(Adds hybrid and electric sales figures)
LONDON, Sept 29 (Reuters) - Sales of gasoline-powered cars have overtaken diesel in the first half of this year for the first time since 2009, the European Automobile Manufacturers Association (ACEA) said this week.
The shift, following revelations that most diesel cars emit more pollutants on the road than laboratory tests suggested, saw gasoline car sales rise by nearly 10 percent from the first half of 2016, compared with an approximate 4 percent drop in diesel car sales in the same period, the group said.
Sales of "alternative" vehicles - hybrid, electric, LPG (liquefied petroleum gas) and natural gas-powered ones - also rose by more than 35 percent to account for 5.2 percent of total car sales.
The mayors of Paris and Athens have said they plan to ban diesel-engine cars in city centres by 2025 in the wake of the emissions scandal, while France is also making plans to reverse favourable tax treatments for diesel. Some expect other European governments to follow suit.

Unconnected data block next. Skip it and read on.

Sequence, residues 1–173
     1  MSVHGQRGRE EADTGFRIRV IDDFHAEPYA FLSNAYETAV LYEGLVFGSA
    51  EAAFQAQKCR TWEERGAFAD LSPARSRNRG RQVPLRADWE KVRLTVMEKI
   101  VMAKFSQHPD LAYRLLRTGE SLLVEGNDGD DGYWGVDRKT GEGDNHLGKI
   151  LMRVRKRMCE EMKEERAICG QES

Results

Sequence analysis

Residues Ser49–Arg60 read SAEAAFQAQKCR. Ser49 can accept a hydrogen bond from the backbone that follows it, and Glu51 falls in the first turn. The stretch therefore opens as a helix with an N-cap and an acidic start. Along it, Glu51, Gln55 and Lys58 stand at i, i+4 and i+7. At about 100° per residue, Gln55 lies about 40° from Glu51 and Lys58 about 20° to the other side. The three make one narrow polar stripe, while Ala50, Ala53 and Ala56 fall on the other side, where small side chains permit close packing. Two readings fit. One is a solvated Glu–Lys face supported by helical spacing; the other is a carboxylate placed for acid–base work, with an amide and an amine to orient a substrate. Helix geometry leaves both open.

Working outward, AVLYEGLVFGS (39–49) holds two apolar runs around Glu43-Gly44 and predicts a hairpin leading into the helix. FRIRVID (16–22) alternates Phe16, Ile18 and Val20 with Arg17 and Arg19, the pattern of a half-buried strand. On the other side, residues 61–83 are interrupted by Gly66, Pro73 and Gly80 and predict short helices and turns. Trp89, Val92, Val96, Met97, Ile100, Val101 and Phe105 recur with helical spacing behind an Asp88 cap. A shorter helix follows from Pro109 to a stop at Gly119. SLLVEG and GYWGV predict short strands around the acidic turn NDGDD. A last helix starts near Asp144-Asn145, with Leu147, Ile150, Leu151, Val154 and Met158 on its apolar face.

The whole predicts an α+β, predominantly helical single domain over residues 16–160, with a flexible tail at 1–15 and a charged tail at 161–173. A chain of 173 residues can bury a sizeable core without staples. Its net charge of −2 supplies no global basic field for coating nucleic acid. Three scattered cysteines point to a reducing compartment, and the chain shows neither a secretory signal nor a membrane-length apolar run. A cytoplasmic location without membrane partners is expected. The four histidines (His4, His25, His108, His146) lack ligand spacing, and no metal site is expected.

Even car manufacturing centres Stuttgart and Munich have mulled diesel engine bans.
Volkswagen admitted in 2015 to cheating emissions tests.
ACEA, however, cautioned the shift to gasoline engines could make it tougher for Europe to meet CO2 reduction targets.
"Policy makers need to be aware that a sudden shift from diesel technology to petrol will lead to an increase in CO2 emissions," ACEA Secretary General Erik Jonnaert said.
Jonnaert also called on governments to do more to usher in "alternative" cars. Sales of hybrid electric vehicles rose by a whopping 58 percent in the first half of the year, and electric sales rose by 37 percent, but the groups still account for just 2.6 percent and 1.3 percent, respectively, of total car sales.
"More needs to be done to encourage consumers to buy alternatively-powered vehicles, for instance by putting in place the right incentives and deploying recharging infrastructure across the EU," Jonnaert said.
(Additional reporting by Ron Bousso in London and Laurence Frost in Paris; Editing by Greg Mahlich and Mark Potter)